Do you want to learn more about writing, including receiving marketing tips and tricks, deals on valuable workshops and retreats, and time management hacks? Join the VIP Writer’s Club! You’ll receive free VIP access to an online novel-writing course just for signing up and can unsubscribe from the newsletter at any time.Become a VIP Reader!
Interested in free books, exclusive bonus content, and VIP early access to Jess’ upcoming projects? Then sign up here to become a VIP Reader.
October 2, 2021
As a Midwestern gal, I'm allergic to bragging. It's so bad that I even get contact hives if I hear someone else talking positively about themselves (I'm working on this). That's why it pains me to tell you that today, I woke up content. I looked around in terror, trying to figure out what was wrong, and realized I was feeling good about myself because I love my safe, funky new home AND I get to be a full-time writer.
I tried to talk myself down by listing all the areas in life where I fall short (they train us young in Minnesota), but it was no good. I live in a house that I love (that's an image of my treehouse office above), one that I was able to buy because of my writing. Going to work for me now means daydreaming, creating worlds, talking to people who are passionate about books. There's downsides, sure, but my first real job was working at the Spicer DQ in 1985; I know when I've got it good.
That got me to thinking about that voice—it starts out external, but we learn to carry it inside—that tells us what we can't do in this life. We can't be full-time writers/actors/ballerinas/wood carvers/musicians/photographers/travel bloggers/fill-in-the-blank-with-your-dream-jobbers. Only a handful of people get those special careers, and they're not you, we're told.
Well, I'm here to tell you that voice is full of shit. I'm a small-town girl who didn't know anyone lucky enough to write books for a living, and now I'm her. She. Her? (I'm weak without an editor.) My parents gave me a great gift by repeatedly telling me I could be anything in this world (first time I heard this, I told my dad that in that case, I'd like to be a cat). I'm sure it helps to have that fragile, powerful truth repeated to you, so here you go:
You can be anything in this world. (Except a cat. I researched it.)
Some of us have more barriers than others—sexism, racism, classism, heterosexism, ageism, and lack of access to resources are real—but my wish for you is that, of all the people telling you what you can't do, that you're not one of them.
So what is it that you ache to do?
August 30, 2021
Thank you to the wonderful mystery community and to readers for awarding Unspeakable Things with the Anthony for Best Paperback Original! I was overwhelmed when I heard my name called and am gonna have to buy heavier shoes because I keep floating when I think about it.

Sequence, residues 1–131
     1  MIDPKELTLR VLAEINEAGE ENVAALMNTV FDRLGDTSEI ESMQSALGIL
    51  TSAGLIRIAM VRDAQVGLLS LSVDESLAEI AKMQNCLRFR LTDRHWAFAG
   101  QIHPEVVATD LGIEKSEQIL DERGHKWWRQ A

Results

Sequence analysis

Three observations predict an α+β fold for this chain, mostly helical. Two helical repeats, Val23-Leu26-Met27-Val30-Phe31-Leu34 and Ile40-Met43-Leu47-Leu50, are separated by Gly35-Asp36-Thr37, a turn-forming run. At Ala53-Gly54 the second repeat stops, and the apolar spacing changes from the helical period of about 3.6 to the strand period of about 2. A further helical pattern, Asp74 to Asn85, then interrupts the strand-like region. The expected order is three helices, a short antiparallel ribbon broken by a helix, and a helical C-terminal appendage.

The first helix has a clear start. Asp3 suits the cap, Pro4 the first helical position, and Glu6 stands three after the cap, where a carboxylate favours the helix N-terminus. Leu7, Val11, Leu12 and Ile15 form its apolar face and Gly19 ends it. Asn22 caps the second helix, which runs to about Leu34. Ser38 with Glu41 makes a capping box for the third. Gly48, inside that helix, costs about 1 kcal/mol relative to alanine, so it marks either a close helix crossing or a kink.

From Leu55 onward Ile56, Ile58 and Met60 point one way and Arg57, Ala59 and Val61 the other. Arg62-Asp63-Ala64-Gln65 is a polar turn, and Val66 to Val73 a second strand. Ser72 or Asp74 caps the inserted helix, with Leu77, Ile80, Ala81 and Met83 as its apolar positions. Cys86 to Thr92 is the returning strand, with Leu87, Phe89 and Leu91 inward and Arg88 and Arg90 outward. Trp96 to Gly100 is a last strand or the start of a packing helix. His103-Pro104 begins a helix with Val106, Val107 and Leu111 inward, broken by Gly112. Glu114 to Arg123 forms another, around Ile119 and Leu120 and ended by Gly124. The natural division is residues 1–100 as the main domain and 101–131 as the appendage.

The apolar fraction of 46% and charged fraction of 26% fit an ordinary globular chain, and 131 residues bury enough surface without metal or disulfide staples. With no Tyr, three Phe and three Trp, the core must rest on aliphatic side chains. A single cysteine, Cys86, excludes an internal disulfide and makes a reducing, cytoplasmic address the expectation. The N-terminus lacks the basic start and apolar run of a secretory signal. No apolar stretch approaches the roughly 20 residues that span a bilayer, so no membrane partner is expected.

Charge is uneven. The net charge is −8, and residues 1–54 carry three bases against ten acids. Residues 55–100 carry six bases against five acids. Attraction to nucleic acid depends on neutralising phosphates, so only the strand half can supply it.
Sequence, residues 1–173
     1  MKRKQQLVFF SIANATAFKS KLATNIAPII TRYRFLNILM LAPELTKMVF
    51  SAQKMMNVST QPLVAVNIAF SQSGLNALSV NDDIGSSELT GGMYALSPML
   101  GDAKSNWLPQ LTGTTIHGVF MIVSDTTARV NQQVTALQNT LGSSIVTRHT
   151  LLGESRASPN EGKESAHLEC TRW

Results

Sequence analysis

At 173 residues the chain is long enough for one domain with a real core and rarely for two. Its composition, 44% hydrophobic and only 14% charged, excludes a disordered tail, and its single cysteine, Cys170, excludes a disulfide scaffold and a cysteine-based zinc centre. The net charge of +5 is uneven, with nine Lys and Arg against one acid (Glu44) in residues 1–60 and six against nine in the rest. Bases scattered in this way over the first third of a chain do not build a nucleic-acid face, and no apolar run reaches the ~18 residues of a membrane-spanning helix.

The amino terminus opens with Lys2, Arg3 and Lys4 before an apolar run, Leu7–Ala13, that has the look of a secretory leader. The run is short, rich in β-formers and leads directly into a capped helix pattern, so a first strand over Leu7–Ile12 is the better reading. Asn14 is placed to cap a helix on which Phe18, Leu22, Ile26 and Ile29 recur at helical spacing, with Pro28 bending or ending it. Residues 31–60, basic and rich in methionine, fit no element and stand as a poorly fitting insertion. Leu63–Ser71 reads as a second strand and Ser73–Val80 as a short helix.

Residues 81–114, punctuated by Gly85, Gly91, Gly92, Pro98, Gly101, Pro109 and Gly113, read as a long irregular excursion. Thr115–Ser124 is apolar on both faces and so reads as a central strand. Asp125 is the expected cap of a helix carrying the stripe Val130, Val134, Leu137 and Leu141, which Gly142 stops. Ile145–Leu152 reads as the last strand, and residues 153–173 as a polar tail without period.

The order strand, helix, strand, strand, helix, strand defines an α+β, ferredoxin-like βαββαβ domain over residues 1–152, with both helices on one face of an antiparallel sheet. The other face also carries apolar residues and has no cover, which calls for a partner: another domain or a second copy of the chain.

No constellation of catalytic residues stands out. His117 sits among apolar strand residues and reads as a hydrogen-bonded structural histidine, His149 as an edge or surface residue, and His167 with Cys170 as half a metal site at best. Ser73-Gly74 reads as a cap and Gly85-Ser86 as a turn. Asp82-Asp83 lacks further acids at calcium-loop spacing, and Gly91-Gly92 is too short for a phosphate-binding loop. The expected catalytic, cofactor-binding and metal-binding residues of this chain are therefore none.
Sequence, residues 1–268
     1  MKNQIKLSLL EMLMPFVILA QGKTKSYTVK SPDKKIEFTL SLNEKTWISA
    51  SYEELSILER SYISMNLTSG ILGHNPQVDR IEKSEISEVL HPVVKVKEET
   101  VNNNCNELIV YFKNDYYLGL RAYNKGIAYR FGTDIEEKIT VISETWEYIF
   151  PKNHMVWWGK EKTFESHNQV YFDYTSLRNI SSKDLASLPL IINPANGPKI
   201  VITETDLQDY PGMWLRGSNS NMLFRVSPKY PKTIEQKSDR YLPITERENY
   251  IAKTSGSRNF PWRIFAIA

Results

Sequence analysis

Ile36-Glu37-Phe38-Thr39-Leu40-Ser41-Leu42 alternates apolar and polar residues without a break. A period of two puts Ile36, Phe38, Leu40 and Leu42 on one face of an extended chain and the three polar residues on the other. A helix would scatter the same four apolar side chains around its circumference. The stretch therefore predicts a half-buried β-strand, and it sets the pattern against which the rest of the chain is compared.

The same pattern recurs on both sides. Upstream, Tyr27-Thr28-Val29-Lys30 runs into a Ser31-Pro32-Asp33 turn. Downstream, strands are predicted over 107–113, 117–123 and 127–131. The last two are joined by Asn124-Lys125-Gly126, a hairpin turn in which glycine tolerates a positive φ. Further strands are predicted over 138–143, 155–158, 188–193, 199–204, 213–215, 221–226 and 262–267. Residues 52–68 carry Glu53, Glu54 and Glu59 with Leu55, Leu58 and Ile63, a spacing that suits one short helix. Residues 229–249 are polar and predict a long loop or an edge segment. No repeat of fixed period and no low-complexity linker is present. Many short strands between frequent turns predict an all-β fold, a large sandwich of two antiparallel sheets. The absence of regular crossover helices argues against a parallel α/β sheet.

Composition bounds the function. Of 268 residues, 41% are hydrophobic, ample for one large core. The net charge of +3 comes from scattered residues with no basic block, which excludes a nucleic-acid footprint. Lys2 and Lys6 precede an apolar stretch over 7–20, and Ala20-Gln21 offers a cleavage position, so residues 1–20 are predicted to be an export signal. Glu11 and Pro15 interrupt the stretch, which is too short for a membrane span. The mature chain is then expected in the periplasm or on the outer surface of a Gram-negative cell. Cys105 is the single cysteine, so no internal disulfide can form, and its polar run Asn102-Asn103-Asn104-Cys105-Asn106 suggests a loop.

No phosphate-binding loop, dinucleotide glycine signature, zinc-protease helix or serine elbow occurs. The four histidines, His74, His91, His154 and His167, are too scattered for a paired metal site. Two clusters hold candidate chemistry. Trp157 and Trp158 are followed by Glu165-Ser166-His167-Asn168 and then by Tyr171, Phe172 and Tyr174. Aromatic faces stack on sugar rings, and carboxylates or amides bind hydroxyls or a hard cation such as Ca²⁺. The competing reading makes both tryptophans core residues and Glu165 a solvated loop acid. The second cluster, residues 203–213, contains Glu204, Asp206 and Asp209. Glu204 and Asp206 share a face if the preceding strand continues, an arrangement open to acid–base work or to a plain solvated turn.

If you haven't yet had a chance to read the epilogue, it lives on my website here.
And if the mix of true crime, a young protagonist, and the '80s interests you, I'll be revisiting the Unspeakable Things' themes in Litani, out October 19. You can preorder your copy now.
Thanks for reading.
July 29, 2021
Just sent the finished manuscript of my next book, tentatively titled The Pretender, to my publisher. Woot! Teaser below, popcorn and champagne for EVERYONE!
The Pretender Teaser
That summer, the summer of ’77, everything had edges.
Our laughter, the sideways glances we gave and got. Even the air was blade-sharp. I figured it was because we were growing up. The law might not recognize it, but fifteen’s a girl and sixteen a woman and you get no map from one land to the next. They airdrop you in, booting a bag of Kissing Potions lip gloss and off-the-shoulder blouses after you. As you’re plummeting, trying to release your parachute and grab for that bag at the same time, they holler out you’re pretty, like they’re giving you some sort of gift, some vital key, but really, it’s meant to distract you from yanking your cord.
Girls who land broken are easy prey.
If you’re lucky enough to come down on your feet, your instincts scream to bolt straight for the trees. You drop your ‘chute, pluck that bag from the ground (surely it contains something you need), and you run like hell, breath tight and blood pounding because boys-who-are-men are being airdropped here, too. Lord only knows what got loaded into their bags, but it does not matter because they do terrible things in packs, boys-who-are-men, things they’d never have the hate to do alone.
I didn’t question any of it, not at the time. It was simply part of growing up a girl in the Midwest, and like I said, I thought at first that’s why everything felt so keen and dangerous: we were racing to survive the open-field sprint from girl to woman.
But it turns out the perpetual sharpness wasn’t because we were growing up.
Or, it wasn’t only that.
I know because three of us didn’t get to grow up.
The year before, 1976, had felt like a living thing. America standing tall in a Superman pose, her cape a glorious red, white, and blue flag flapping behind her, fireworks exploding overhead and filling the world with the smell of burning punk and sulfur. Not only was anything possible, we were told, but our country had already done it. The grown-ups did a lot of congratulating themselves during the bicentennial, it looked like. For what, we didn’t know. They were still living their same lives, going to their boring jobs, holding barbecues, grimacing over sweating cans of Hamm’s and hazy blue cigarette smoke. Did it make them a little crazy, taking credit for something they hadn’t earned?
Looking back, I believe so.
And I think that, for all its horror, 1977 was the more honest year.
Three Pantown kids dead.
Their killers right there in plain sight.
It all started in the tunnels.
It'll be another year until The Pretender hits shelves, but you can preorder Litani now! It releases in October.